"Oh hello, we've met before," said Jared Leto at Saturday's Toronto Film Festival premiere party for Dallas Buyers Club. He locked into my eyes, grabbed my hand, and held on for many seconds longer than necessary as ... sorry, professionalism, professionalism! His current look is so comically textbook rock god — tight black V-neck exposing half his chest (and chest hair), shoulder-length mane with blonde ombré, those skinny jeans — you almost hate your womanly hormones for being so easily taken under its thrall. Plus, he is a phenomenally gifted flirt; just ask the legions of females in Echelon, the ardent fan community worshipping his band, 30 Seconds to Mars, all of whom feel like he's singing directly to them. Clawing yourself out from under that intense gaze requires recognizing that flirting seems to flow out of Leto unconsciously, like a survival instinct, and likely has little to do with you; I'd experienced it this time last year during a memorably combative interview in which I poked fun at his hiking ability — as displayed in Artifact, the award-winning documentary he directed about 30 Seconds to Mars's fight against a $30 million lawsuit from Virgin Records — and somehow wound up with Leto offering to take me on a hike in L.A., which, alas, never happened.
That ability to charm the world, one set of locked eyes and lingering handshake at a time, should serve him well on the awards circuit this fall. What was most remarkable about Leto's appearance at the Dallas party was not how he’s finally inhabiting that rock-star vibe but how shockingly healthy he looked compared to what the attendees had just seen of him onscreen — 40 pounds skinnier, as a gaunt, feisty, drug-addicted, transgender woman with AIDS, Rayon, in Dallas Buyers Club. The role is Leto's return to acting after a nearly five-year hiatus to concentrate on music and directing music videos and Artifact, and it's been notably well-received, with critics calling him "simply wonderful" and saying he "does the work of his life." Oscar talk, too, has been coming fast and furious.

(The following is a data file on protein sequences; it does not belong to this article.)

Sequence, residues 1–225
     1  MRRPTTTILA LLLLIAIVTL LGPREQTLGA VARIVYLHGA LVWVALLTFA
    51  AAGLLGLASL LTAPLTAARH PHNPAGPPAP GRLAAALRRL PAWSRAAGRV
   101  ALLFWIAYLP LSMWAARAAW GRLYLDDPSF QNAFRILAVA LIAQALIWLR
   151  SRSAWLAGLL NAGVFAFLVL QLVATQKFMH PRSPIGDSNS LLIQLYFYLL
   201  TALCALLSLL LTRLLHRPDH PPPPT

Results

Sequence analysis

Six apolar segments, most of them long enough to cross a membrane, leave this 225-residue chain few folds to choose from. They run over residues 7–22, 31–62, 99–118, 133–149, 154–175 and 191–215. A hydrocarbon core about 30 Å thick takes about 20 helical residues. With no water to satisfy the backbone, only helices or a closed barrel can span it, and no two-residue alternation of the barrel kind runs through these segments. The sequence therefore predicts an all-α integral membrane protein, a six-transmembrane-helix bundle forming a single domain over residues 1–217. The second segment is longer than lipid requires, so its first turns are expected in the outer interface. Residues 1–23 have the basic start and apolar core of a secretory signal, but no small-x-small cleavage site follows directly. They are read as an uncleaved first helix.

In the movie, based on a true story and set in the eighties, Rayon becomes an unlikely ally to Matthew McConaughey's equally skeletal heterosexual cowboy Ron Woodroof, as they form a "club" with monthly membership fees to provide unregulated cocktails of vitamins, proteins, and smuggled foreign drugs to fellow AIDS patients. Leto has said his portrayal was inspired partly by a former roommate who kept his humor while dying of AIDS in 1991, and the great achievement in the role is less Leto’s physical transformation than the way he individualizes Rayon, who slowly overcomes Woodroof's gruff homophobia by sheer undeterred pluck, and creates a rewarding slow-burn friendship that's also marked by the pathos of both their circumstances, along with Rayon's continued drug addiction. Plus, Leto really does make a beautiful woman.
When I began interviewing him at the party, he grinned and wrapped his arm around my waist. "Are you going to be nice to me this time?" he asked. "You sassed me a little the last time we talked." I told him it seemed like he liked it. "Did I?" He asked, narrowing his eyes, then breaking out into another grin and laugh. "I think I did. I liked the challenge. Yeah, sure. Okay, whaddaya got? What do you got, New York–er? Come on! Are you ready?" I began by asking about our never-consummated hike.
I want to know why our hike never happened.
You chickened out on me. I was ready to take you on one.
You emailed me, "The hills of Los Angeles await!" and I wrote you back and you didn’t write me back.*
Uh-huh. [He grins, nods skeptically.] What did you think? Did you see the movie?
I was shocked at your transformation.
[To his manager.] She has the most beautiful eyes. It’s almost impossible to pay attention to what she’s saying. I mean, it’s ridiculous.
Oh, stop it. [Blushing hardcore.] You, talking about eyes.
I mean, like, my God. Seriously. They’re, like, golden.
Anyway. You’re just trying to throw me off.